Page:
As COVID-19 cases continue to drop in San Francisco, city officials on Monday announced a new strategy to continue making COVID-19 resources available to neighborhoods that need them the most, via mobile testing vans.
Last week, a mobile testing van funded by the state began serving the Tenderloin, South of Market, and Bayview neighborhoods, and will continue to do so for the next 90 days.
In addition, starting next month, more mobile testing units will be available for the Tenderloin, Mission District, and Bayview through the San Francisco Department of Public Health.
The mobile testing comes as SFDPH officials prepare to close the COVID-19 testing site at Seventh and Brannan streets at the end of the month due to a low volume of cases. During its peak in mid-January, the site averaged 1,200 tests per day; however, that number has dropped as of last week to just 150 per day.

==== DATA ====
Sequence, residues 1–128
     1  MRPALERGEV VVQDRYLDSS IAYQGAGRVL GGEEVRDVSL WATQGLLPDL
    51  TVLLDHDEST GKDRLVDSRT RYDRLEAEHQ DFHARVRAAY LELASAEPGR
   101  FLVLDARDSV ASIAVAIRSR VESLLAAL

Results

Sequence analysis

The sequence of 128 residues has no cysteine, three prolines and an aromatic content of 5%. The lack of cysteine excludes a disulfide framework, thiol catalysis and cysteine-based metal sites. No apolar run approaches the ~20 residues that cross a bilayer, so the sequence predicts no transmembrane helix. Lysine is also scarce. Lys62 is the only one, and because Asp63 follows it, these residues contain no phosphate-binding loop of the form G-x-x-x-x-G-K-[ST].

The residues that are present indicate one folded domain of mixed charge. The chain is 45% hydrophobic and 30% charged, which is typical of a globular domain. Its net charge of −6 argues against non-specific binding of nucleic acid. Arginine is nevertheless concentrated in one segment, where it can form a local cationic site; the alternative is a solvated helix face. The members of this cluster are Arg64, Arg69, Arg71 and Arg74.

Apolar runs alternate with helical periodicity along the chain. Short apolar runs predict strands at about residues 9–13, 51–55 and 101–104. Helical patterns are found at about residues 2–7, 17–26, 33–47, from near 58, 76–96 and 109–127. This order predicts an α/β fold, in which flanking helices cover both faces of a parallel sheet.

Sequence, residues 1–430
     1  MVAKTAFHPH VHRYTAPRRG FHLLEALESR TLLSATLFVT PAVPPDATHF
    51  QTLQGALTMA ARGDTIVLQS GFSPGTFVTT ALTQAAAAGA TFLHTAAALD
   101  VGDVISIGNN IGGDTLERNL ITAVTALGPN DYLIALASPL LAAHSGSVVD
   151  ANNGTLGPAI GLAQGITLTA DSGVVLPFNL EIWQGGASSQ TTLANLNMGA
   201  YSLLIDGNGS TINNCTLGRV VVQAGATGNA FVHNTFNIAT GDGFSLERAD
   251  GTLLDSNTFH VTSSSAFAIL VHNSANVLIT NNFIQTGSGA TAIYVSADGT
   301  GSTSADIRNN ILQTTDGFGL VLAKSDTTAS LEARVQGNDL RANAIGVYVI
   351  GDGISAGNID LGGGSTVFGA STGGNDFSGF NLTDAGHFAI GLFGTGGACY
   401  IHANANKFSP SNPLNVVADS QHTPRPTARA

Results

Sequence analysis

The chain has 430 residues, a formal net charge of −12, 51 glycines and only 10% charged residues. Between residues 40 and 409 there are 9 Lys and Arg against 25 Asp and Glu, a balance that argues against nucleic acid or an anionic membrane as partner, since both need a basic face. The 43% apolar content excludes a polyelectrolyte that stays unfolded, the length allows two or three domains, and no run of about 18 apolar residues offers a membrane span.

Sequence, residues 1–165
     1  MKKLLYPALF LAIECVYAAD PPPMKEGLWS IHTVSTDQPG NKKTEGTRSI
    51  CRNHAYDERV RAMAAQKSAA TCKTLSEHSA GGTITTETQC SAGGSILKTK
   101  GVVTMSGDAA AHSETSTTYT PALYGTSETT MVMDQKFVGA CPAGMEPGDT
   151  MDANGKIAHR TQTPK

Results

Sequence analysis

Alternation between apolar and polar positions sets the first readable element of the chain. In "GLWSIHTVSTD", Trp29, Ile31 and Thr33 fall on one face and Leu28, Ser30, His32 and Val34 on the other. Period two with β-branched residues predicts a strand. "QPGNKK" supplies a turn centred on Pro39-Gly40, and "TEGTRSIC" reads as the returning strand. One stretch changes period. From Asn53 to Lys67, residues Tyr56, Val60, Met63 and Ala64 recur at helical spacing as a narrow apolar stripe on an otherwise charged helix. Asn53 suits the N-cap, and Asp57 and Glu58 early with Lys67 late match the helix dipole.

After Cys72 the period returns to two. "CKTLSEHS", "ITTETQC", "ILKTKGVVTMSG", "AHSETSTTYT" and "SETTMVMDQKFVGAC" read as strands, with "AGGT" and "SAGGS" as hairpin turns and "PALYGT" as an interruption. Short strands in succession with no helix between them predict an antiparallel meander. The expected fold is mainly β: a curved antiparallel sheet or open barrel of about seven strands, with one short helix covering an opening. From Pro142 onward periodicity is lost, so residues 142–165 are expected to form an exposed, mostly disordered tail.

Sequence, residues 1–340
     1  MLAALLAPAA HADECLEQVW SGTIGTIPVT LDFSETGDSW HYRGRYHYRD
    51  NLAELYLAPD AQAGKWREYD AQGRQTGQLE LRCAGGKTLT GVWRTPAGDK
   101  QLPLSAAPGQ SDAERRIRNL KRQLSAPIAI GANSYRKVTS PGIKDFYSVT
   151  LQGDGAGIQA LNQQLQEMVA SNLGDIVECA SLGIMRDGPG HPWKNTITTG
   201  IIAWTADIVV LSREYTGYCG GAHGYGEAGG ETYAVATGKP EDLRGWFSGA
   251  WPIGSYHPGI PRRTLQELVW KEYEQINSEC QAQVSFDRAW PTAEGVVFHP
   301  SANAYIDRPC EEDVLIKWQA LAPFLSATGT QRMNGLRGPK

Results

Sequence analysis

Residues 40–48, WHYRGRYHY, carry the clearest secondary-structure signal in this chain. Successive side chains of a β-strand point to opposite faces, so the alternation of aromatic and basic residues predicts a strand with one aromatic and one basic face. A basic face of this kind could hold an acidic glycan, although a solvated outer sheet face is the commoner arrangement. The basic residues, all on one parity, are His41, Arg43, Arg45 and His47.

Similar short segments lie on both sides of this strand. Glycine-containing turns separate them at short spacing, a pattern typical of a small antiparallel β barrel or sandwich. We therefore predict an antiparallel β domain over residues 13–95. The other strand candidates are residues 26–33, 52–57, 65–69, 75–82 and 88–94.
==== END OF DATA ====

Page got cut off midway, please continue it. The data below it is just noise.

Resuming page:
“We recognize that we need to be practical and nimble in the use of our resources and with a focus on health equity,” SFDPH Deputy Director of Health Dr. Naveena Bobba said in a statement.
“We can scale up these mobile testing teams as needed if we have an increase in cases, and we can target locations where we know there is the highest demand and the most need for low-barrier access to testing. For most San Franciscans with health care providers, those providers are where you should go for testing. Over-the-counter test kits are also available from retail stores and other sources,” she said.
Under the new mobile testing strategy, SFDPH officials will evaluate COVID-19 positivity rates throughout the city and decide where to station testing vans on a monthly basis. The locations of where vans will be available will be listed at https://sf.gov/gettested.
While the city has closed the SoMa testing site, SFDPH will continue to operate other testing sites, including those at the Alemany Farmers Market, Southeast Health Center, and Ella Hill Hutch.
During the omicron surge in January, the city averaged 16,178 tests daily, much greater than the 4,663 tests per day as of March 13, according to SFDPH data.